We worked hard on getting my husband (70 yrs) fit, walked the dog twice a day, about 2 miles each walk.  The most important exercise we did was pelvic floor exercises.  These ensured the muscles were strong enough (chemo and radiotherapy makes them weak) so the bowel could be reconnected.

    They are very simple and easy exercises to do, we did them everyday for 2 months before the surgery.  Gets boring, but well worth doing.  We felt for the first time that we were in control on getting my husband where he needed to be before the op.

    i hope this gives some positive energy and hope to others.

    take care everyone


  • This is brilliant   well done to your husband for getting himself the best outcome possible .

    And to you to for supporting him .


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  • Hi all, hope you are keeping positive.

    Latest update on my husband’s advance stage 3 bowel cancer.

    As previously mentioned the surgery went really well. We have had the results of the biopsy of the large tumour and 27 lymph nodes removed.  

    It was CANCER FREE….no living cancer cells found at all.  The surgeon said he was not expecting that, the scans after the chemo and chemo/radiotherapy showed no change, they were not confident that the treatment had worked at all, so they were very surprised with the results.  He said it’s a miracle, something doctors never say.  The consultant also said he hasn’t seen this before.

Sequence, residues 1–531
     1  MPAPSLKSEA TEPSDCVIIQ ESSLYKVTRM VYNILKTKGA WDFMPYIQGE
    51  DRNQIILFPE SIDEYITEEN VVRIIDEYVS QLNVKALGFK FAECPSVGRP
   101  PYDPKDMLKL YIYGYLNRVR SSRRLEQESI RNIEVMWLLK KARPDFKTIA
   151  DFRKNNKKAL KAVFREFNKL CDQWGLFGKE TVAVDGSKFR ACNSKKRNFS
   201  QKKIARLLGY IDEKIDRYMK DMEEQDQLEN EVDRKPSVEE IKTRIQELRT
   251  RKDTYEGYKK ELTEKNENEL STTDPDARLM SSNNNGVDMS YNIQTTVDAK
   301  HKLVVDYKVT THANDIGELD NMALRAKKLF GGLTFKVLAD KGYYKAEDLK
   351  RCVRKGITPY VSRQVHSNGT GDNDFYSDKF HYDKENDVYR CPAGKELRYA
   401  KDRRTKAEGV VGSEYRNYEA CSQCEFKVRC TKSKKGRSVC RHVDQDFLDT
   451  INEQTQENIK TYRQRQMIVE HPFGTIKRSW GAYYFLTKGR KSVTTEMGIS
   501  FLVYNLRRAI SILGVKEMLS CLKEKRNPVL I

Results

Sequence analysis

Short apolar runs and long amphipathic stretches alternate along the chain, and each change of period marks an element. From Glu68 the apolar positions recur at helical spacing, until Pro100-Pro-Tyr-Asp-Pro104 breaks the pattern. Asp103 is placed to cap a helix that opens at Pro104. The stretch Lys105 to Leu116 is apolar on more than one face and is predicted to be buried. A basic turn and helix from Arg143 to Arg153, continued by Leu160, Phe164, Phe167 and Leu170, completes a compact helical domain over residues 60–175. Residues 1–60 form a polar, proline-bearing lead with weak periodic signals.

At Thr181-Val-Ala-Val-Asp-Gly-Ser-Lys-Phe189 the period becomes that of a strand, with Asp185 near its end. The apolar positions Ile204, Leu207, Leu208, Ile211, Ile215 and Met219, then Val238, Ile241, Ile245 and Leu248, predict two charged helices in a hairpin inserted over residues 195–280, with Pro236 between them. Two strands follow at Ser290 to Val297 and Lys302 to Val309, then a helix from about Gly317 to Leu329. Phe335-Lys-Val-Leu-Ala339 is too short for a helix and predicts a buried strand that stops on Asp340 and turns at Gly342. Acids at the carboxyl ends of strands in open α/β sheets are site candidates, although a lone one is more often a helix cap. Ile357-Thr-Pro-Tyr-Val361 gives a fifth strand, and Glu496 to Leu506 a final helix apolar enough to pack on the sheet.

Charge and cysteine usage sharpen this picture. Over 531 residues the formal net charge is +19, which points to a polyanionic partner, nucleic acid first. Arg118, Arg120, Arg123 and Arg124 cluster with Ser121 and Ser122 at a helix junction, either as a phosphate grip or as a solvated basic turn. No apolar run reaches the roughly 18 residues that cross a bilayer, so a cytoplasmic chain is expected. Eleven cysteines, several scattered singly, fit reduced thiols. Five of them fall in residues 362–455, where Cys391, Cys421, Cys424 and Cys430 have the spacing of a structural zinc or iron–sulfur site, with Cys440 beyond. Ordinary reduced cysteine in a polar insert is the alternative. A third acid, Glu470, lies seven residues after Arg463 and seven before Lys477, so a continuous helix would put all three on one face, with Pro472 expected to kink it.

So, if you are in a similar situation with advanced stage cancers, please keep positive, take as much control as you can, and stay strong, you can beat it.

    We are now having 3 months of chemo as a belt and braces option, to reduce the risk of it coming back, and to mop up any cells lying around somewhere.  The side effects are so far not as bad as first time around, so we are taking it one day at a time.

    I wanted to send this update to give someone hope, who might be feeling down, scared, lonely or wanting to give up, that there is always a chance for success, more than you might think.  It is a long road to travel, but you will get there, stay strong, you have got this.

    love and positive vibes to everyone.


  • Lovely to hear some good news, gives us all hope x

  • That’s fantastic news  and Thankyou for sharing. Hope he continues to tolerate the chemo well x

    Macmillan Support Line - 0808 808 00 00, 7 days a week between 8am-8pm
  • Thank you for your reply Kareno62.

    I hope it gives people hope of some light at the end of a dark journey.

    love and best wishes.


  • RNE, thanks for the reply.

    It is lovely to be in a position where I can share some good news.  I know at the beginning of our journey, reading some positive stories gave us hope, and we want to pass that hope to everyone.